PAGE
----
DNA Tilts and Stretches Underlie Differences in Mutation Rates Across Genomes
Published:15 Nov.2023    Source:Baylor College of Medicine
Each cell in the body stores its genetic information in DNA in a stable and protected form that is readily accessible for the cell to carry on its activities. Nevertheless, mutations -- changes in genetic information -- occur throughout the human genome and can have powerful influences. Previous studies have shown that the DNA sequences flanking a mutated position -- the sequence context -- play a strong role in the mutation rate. "But this explanation still leaves unanswered questions," Samee said. "We think that a different mechanism could explain how mutation rates vary in the genome."
The genetic code is "written" as a string of bases that is furthermore underwound or overwound and constrained into loops, all of which is known to influence every aspect of DNA activity. Surprisingly, most genome analyses treat DNA merely as a string of bases and ignore the fact that each base has a shape. Surprisingly, the researchers found that although the sequence context may look very different from one mutation to another, the structural properties are remarkably similar. "We found that stretch -- the distance between paired building blocks in the two DNA strings forming the double helix -- is one of the top structural properties that defines whether a location is mutable," Liu said. DNA tilt was the second structural feature that most influenced mutation rate of all types. Researchers confirmed that DNA shape is important in functionally relevant regions of the human genome.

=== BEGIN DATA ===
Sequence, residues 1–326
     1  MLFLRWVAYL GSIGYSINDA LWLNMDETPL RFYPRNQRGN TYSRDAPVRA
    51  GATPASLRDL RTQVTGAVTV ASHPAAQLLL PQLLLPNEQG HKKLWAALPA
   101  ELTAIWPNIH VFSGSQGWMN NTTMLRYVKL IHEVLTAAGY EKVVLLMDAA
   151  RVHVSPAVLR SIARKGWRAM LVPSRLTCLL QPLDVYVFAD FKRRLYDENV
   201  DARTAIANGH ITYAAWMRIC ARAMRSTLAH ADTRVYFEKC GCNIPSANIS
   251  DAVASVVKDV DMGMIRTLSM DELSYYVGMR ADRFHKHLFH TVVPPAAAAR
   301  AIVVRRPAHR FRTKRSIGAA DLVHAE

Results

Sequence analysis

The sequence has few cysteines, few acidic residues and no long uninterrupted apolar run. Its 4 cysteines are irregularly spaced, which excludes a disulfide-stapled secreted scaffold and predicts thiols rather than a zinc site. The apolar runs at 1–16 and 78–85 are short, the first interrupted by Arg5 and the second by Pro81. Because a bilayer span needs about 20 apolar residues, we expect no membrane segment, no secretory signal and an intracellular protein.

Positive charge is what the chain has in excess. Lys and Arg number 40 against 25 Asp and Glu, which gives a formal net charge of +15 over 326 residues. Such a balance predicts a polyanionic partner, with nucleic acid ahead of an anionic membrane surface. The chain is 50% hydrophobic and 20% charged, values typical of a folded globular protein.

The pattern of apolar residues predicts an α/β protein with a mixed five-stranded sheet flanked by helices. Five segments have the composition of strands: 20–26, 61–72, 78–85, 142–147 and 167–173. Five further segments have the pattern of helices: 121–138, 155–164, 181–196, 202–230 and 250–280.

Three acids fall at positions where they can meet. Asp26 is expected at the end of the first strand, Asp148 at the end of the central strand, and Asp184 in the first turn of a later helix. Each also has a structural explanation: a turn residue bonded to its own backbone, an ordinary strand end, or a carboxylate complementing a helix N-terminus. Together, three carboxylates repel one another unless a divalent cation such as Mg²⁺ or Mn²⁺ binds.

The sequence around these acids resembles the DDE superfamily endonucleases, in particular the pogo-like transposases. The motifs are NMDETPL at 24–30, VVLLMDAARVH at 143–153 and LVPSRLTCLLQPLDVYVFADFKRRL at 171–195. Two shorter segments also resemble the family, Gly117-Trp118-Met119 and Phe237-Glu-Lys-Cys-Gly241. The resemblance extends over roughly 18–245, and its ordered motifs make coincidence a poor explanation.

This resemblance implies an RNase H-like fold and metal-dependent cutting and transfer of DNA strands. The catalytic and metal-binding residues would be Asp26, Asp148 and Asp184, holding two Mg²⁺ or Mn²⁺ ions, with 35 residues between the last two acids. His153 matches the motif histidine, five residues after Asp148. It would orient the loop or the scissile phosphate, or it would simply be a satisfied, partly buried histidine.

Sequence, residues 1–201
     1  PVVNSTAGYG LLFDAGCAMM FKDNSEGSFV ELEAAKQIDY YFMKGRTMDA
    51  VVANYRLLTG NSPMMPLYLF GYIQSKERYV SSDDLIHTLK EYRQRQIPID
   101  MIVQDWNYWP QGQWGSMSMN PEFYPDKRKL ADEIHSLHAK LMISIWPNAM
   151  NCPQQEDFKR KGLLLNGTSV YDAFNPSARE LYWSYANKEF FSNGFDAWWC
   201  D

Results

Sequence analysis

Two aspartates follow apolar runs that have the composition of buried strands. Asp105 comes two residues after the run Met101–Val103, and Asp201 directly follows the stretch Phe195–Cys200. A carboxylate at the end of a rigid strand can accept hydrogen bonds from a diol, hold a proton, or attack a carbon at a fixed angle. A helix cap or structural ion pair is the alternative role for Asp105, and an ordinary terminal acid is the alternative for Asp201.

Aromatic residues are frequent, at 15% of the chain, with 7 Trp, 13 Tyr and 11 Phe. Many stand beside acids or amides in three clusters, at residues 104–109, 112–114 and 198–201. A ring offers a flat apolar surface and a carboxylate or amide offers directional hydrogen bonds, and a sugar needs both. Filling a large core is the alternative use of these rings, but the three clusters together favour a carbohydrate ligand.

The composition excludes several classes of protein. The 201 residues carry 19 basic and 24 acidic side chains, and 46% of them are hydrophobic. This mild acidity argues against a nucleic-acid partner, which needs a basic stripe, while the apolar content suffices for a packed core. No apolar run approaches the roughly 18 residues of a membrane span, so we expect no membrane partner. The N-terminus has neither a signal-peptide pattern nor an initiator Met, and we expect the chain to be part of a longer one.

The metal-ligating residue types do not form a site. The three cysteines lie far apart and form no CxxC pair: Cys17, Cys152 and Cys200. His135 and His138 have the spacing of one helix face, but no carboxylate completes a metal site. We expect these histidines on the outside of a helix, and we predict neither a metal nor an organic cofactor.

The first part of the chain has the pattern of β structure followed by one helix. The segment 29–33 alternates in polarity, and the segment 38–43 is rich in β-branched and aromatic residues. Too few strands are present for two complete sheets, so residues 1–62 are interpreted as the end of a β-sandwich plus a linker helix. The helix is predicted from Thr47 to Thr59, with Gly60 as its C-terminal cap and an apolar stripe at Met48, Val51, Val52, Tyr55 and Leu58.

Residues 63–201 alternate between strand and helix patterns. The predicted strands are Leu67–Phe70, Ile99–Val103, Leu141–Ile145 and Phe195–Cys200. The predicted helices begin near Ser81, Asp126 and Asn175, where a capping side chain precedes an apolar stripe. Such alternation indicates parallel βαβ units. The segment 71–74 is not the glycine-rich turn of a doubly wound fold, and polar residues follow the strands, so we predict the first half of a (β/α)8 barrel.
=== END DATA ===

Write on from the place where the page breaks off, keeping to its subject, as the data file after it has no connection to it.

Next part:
This study supports considering DNA shape when studying mechanisms of mutation rate variations in the human genome. "For the last 20 years, the human genome has been seen as a linear sequence of building blocks. But studies like ours and others show that DNA is much more than that; it has a 3D structure that carries important meaning," Samee said.